Crypto Mom On BlockFi, $100M Fine Seems “Disproportionate”
As Bitcoinist reported earlier today, crypto lending platform BlockFi will pay $100 million in fines per an agreement reached with the U.S. Securities and Exchange Commission (SEC). According to the regulator, BlockFi was offering financial products which have been classified as unregistered securities.
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U.S. SEC Commissioner Hester “Crypto Mom” Peirce published her views on the BlockFi agreement with the regulator. Peirce asked the question of whether the regulator is taking the “best” approach to protecting consumers, and immediately replying: “I do think it is, so I respectfully dissent”.
The Commissioner is well-known for trying to propose a regulatory path that enables crypto companies and investors to operate in the U.S. and expand current laws to fit and better regulate this industry. In that sense, she called the $100 million in penalties to be paid by the lending company “disproportionate”.
Peirce added that the fines will be divided into $50 million to the U.S. SEC, and $50 million “in connection with state settlements for the same conducts”. The Commissioner believes that these fines are usually imposed to deterred companies from committing bad conduct, but that there is no evidence that claims the company failed to fulfill its obligations with its clients.
As part of the agreement, BlockFi filed an S-1 Form. Once it becomes effective, the company will need to become more transparent under the SEC’s regulatory framework, but Peirce claimed the following:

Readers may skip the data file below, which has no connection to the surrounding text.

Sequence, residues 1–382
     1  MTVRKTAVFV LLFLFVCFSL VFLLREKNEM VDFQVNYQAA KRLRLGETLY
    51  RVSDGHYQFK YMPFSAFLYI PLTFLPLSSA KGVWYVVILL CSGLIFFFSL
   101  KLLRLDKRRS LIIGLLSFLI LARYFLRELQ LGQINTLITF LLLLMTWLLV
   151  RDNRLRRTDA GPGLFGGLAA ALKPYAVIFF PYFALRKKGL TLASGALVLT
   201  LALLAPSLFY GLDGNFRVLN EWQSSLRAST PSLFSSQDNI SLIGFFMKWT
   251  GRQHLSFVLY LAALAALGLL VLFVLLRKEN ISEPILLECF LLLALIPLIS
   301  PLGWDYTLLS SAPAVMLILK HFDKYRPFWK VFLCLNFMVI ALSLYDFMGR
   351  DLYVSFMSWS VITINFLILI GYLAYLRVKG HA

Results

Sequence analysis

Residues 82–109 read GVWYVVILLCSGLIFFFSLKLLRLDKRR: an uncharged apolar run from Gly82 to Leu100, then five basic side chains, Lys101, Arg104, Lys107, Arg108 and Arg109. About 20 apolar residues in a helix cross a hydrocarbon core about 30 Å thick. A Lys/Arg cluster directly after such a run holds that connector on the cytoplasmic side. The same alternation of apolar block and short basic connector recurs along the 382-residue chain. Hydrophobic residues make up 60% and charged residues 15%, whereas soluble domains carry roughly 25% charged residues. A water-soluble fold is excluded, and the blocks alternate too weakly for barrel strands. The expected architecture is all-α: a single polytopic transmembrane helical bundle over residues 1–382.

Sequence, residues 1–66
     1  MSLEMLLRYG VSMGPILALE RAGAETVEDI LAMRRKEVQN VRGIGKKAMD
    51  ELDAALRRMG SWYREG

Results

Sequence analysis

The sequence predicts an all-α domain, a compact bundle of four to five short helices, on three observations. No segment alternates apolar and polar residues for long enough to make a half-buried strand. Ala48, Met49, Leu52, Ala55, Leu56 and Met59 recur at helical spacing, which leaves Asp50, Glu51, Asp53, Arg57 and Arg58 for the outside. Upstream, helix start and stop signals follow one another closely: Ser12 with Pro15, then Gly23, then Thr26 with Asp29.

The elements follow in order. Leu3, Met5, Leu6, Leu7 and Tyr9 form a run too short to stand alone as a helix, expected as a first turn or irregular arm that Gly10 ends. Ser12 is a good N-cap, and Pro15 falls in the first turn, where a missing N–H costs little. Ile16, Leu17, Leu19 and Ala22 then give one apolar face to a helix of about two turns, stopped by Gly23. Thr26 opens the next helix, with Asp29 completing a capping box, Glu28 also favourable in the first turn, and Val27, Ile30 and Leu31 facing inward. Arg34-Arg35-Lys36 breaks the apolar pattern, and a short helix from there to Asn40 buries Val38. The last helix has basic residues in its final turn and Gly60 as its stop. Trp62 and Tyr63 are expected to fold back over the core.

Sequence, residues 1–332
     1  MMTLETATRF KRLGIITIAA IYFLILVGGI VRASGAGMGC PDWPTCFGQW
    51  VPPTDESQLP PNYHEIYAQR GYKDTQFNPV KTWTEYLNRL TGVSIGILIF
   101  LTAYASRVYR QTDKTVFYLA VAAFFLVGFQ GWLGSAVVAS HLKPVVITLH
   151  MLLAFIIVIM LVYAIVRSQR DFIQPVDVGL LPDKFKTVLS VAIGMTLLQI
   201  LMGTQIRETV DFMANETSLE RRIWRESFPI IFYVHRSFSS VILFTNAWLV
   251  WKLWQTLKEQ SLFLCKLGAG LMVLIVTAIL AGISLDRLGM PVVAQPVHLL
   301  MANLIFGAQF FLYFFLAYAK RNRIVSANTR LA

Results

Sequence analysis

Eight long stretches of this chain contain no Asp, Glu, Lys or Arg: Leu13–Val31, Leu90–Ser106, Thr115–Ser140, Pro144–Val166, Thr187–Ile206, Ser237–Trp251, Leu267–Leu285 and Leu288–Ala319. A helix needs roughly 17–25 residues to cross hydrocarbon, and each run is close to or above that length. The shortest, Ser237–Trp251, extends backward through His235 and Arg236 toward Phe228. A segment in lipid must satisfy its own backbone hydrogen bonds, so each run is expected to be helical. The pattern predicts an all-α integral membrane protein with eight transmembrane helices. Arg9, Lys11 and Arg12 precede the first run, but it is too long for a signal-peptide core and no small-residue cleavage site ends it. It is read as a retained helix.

it is still worth asking whether a framework other than the securities regulatory framework might be better suited to getting customers transparency around the terms and risks of crypto lending products. Applying the securities regulatory framework has consequences, some of which may be unfortunate.
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Amongst the unfortunate consequences, Crypto Mom believes the U.S. retail investor might be unable to access lending products based on digital assets. BlockFi itself will be unable to take on new clients until its S-1 form becomes effective, a process that could extend for months or beyond.
In addition, BlockFi and any other lending program looking to provide services in the U.S. will need to complete other requirements before relaunching their lending programs. BlockFi could successfully fulfill the requirements, Peirce mentioned that crypto companies could find obstacles as the sector is heavily put under scrutiny, smaller operations might fail. The Commissioner added:
We often tell companies wanting to offer products that could implicate the securities laws to “come in and talk to us.” To make that invitation meaningful, however, we need to commit to working with these companies to craft sensible, timely, and achievable regulatory paths.
On the other hand, Jake Chervinsky, Head of Policy at the Blockchain Association, believes BlockFi reached a “good” deal with the U.S. SEC. Via Twitter, the expert claimed the lending company reached an agreement with could set a precedent and provide regulatory clarity for the crypto industry, and allow similar companies to operate in compliance with U.S. law.
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Emphasizing the relevance of today’s event, Chervinsky said:
Look, you can hate the SEC all you want & think the federal securities laws as a whole shouldn’t exist, but the reality is, if you want to be a centralized financial institution offering centralized products to US retail customers, you’ll have to deal with regulation, full stop.
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